The following post focuses on two recommended tests a printer can perform when working on a high-speed inkjet job. Looking for something focused on designing for inkjet? Check out Three Tips for Getting Started and Designing for Production Inkjet or Seven Considerations Once You’re at the Design Phase.
Unexpected results are common during the offset to high speed inkjet transition. The combination of media, equipment and end use for the printed piece are all elements that need to be considered—and make each project a unique experience. The smartest step a business can take is to test the outcome of the various components prior to running any job.
Linearization is defined as the process of calibrating the media, press and ink so the output is optimized. What this definition doesn’t explain is how essential the linerization process is for arriving at a desired outcome with a high speed inkjet printing process.
In the case of high speed inkjet printing, each paper, machine and ink have very different traits. Therefore, various combinations can lead to different outcomes. Although mimicking the color you see on a computer screen is a challenge with any printing technology, the results from inkjet technology can be particularly unexpected.
Through the linerization process, a printer has the opportunity to test and adjust the settings on the machine before printing the entire job. More than likely you’ll discover needed adjustments, but you may also find ways to save on costs.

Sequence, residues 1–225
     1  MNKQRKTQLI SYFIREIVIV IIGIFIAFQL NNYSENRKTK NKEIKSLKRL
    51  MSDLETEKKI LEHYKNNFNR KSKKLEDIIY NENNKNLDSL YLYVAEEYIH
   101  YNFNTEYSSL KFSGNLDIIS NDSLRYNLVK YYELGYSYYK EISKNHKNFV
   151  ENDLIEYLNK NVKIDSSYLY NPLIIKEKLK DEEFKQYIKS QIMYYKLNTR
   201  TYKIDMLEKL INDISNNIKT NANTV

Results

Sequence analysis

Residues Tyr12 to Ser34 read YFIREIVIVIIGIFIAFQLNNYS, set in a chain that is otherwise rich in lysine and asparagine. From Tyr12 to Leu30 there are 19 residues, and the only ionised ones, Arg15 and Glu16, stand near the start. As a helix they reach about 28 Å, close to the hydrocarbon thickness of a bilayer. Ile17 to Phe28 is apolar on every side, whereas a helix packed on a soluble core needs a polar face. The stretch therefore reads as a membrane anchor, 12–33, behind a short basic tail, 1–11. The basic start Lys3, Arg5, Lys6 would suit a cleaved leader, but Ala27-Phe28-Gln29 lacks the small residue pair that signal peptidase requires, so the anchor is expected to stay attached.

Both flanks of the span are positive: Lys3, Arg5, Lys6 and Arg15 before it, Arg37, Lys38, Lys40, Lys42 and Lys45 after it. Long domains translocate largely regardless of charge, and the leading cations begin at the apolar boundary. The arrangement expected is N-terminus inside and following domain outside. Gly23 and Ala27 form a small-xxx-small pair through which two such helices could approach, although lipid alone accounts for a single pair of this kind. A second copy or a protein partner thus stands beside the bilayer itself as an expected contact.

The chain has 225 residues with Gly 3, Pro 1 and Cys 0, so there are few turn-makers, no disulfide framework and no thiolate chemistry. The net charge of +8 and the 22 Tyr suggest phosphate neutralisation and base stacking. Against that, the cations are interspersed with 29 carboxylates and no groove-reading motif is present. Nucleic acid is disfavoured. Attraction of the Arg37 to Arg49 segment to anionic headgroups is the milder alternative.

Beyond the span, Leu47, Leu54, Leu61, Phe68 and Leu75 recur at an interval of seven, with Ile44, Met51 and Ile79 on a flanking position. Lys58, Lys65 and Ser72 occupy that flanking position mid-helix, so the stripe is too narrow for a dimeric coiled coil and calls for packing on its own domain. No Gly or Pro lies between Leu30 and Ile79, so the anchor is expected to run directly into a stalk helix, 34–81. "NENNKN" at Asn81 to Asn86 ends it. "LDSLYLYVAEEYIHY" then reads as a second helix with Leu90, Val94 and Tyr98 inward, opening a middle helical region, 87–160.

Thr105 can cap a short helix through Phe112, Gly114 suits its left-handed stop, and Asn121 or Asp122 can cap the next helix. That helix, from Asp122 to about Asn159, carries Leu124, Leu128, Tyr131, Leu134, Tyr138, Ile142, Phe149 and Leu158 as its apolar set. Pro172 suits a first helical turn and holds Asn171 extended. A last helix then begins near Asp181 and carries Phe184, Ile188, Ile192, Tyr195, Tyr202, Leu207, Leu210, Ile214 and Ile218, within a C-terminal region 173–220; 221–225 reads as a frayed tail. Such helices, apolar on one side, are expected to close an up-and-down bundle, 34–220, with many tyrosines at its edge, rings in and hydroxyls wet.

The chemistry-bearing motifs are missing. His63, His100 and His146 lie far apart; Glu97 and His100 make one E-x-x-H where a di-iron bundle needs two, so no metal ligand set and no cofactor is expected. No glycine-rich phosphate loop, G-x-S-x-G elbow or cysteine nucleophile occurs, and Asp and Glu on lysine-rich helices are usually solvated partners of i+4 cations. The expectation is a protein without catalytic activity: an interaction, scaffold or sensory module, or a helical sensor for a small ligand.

For example, during your linerization test you may discover too much saturation in the solid area. In that case you might be able to lessen the ink density, saving on ink cost. The process also allows a printer to confirm if the selected paper is truly the right substrate for the job.
You may discover that you’ll be able to use less ink by switching to a more opaque substrate or that a different type of paper is actually required. There are virtually no limits to the discoveries that can be made during a linerization test that may save time, money and disappointment. Perhaps most importantly, it allows a printer the opportunity to confirm that their expectations—and the customers’—will be met with the final result.
Along with linearization, paper trials are also a must for an optimal end result. Simply put, paper has everything to do with the look and efficiency of the printed piece.
As with any printing technology, the imaging quality needs to be considered; opacity, color-to-color-bleed and ink mottle are just a few undesired traits to watch for. Specifically for high speed inkjet, the paper needs to be solid and stable. A paper should image to expectations and withstand high speeds and stacking, regardless of the end use.
Depending on the purpose of the job, the paper should also be strong enough to withstand various finishing applications (including folding, insertion and saddle-stitching) at the same high speeds.
Additionally, paper trials can also be thought of as an introduction to a paper mill. They’re a great way to test a mill’s service platform and substrate availability.